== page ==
A new study has highlighted the importance of play to children's development and its role in raising attainment levels.
The report, conducted for the Children's Play Policy Forum, found that activity in the playground can improve behaviour, as well as academic skills and attitudes.
Published to coincide with UK Playday yesterday (August 6th), the study revealed play boosts youngsters' mental and physical health, as well as their emotional wellbeing, the BBC reports.
School playgrounds were found to be one of the best ways of increasing children's levels of physical activity, linked to a range of benefits such as enhanced academic skills, attitudes and behaviour, better social skills and adjustment to school life, and improved relations between different ethnic groups.
The report details changes that can be made to school playgrounds to increase children's physical activity, including alterations to marking, the addition of play equipment and making available games equipment (such as balls and bats).
According to some studies, children could be more physically active during free play than during sport or PE lessons.
The report states that physical activity programmes in schools can have a positive impact on cognitive performance and boost academic attainment, concentration, memory and classroom behaviour.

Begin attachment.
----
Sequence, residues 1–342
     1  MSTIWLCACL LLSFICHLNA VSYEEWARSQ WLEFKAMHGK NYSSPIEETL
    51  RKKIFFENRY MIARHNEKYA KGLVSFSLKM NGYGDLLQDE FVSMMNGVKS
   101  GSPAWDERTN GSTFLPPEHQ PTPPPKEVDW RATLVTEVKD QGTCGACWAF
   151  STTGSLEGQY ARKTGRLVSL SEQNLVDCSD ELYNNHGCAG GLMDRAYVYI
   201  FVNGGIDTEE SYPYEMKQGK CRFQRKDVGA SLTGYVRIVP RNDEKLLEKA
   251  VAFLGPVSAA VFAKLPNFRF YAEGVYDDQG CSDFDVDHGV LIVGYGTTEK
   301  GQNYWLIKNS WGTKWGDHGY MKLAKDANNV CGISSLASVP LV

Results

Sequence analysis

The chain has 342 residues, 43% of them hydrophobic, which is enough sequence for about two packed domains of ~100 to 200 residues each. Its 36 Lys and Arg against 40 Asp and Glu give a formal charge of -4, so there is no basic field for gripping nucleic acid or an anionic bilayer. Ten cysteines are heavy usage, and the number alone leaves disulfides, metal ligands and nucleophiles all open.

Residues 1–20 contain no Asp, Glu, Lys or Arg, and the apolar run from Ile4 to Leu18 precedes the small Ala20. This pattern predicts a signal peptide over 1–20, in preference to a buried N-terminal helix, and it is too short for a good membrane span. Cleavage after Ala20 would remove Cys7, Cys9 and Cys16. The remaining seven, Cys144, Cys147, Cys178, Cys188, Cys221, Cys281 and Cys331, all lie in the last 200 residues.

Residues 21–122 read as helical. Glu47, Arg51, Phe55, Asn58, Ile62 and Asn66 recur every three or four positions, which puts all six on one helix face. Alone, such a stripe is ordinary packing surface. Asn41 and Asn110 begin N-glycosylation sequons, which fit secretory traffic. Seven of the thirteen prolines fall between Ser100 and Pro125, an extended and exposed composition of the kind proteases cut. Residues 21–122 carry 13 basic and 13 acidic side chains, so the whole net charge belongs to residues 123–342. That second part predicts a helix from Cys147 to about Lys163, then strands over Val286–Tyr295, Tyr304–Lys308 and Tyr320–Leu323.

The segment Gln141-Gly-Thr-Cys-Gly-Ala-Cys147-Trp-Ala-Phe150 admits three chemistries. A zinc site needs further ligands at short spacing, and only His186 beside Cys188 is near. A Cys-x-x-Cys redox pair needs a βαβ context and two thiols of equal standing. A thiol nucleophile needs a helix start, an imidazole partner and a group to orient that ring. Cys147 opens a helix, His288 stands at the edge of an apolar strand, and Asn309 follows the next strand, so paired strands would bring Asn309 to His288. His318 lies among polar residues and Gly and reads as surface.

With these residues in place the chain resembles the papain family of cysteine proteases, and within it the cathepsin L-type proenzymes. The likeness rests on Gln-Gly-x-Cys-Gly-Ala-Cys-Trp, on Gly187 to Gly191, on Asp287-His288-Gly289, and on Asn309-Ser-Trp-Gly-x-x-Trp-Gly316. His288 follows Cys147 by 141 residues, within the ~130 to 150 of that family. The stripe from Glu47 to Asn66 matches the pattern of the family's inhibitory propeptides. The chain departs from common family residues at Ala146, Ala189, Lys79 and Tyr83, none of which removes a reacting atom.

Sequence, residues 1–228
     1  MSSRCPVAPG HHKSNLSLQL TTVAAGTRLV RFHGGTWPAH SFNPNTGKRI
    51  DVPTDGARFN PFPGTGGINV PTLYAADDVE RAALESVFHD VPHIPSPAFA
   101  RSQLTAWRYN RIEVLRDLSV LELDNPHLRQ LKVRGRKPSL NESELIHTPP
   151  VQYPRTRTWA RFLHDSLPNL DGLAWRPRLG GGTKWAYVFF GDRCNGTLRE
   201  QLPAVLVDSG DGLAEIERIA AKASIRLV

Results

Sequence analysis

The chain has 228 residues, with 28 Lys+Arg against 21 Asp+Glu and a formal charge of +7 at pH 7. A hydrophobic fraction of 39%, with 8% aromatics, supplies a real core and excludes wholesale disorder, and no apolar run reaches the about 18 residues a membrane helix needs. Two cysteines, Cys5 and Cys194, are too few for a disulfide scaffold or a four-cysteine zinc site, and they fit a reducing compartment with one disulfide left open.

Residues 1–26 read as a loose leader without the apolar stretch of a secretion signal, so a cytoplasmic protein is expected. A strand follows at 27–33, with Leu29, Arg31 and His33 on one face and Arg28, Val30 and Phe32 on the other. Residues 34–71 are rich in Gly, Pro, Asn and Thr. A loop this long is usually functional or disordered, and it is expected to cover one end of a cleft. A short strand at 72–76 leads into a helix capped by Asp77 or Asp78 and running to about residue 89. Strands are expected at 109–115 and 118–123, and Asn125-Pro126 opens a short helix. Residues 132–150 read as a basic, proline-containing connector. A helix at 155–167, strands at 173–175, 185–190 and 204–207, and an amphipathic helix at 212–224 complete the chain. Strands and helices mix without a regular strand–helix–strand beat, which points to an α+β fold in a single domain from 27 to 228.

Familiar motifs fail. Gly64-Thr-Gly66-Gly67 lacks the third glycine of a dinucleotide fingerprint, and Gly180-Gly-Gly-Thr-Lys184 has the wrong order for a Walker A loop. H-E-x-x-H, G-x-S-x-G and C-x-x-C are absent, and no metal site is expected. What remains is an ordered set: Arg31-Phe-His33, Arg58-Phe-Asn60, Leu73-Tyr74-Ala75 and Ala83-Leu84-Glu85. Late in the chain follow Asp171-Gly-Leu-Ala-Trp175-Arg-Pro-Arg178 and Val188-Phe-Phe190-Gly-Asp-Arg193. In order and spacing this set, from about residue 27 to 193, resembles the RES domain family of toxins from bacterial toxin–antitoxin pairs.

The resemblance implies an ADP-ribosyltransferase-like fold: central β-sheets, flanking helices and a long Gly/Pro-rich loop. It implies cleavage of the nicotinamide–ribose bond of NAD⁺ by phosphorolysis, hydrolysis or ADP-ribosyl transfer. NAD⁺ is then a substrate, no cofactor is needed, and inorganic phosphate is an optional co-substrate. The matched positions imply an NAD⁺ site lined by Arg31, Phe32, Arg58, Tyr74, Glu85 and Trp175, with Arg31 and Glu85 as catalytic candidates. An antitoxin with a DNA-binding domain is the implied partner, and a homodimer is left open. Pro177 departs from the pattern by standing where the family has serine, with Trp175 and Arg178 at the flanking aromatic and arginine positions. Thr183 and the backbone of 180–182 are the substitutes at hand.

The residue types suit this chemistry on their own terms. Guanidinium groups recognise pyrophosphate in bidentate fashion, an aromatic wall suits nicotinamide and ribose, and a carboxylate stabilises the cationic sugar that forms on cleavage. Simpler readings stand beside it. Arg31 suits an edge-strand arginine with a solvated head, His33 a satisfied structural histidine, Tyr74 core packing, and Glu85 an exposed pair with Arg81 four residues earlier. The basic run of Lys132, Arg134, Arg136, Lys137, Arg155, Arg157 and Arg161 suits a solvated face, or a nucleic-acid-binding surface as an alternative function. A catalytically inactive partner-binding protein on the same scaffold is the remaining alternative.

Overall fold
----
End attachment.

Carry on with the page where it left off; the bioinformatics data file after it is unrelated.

Play was found to be vital to the wellbeing of families, with those living near playgrounds and visiting them often reporting higher levels of family happiness.
In addition, play and youth facilities in public spaces had led to reductions in levels of anti-social behaviour and vandalism.
Report author Tim Gill said: "At the core of the report is the message that not only does outdoor play impact significantly on the lives of children and young people, it also - in many cases - can provide a basis for the transformation of wider communities."
Mr Gill added that the study is important for politicians and policymakers because investing in play leads to improved education attainment levels, as well as a healthier and more tolerant society.
Community events were held throughout England, Scotland, Wales and Northern Ireland to mark Playday 2014.
Posted by Tim Colman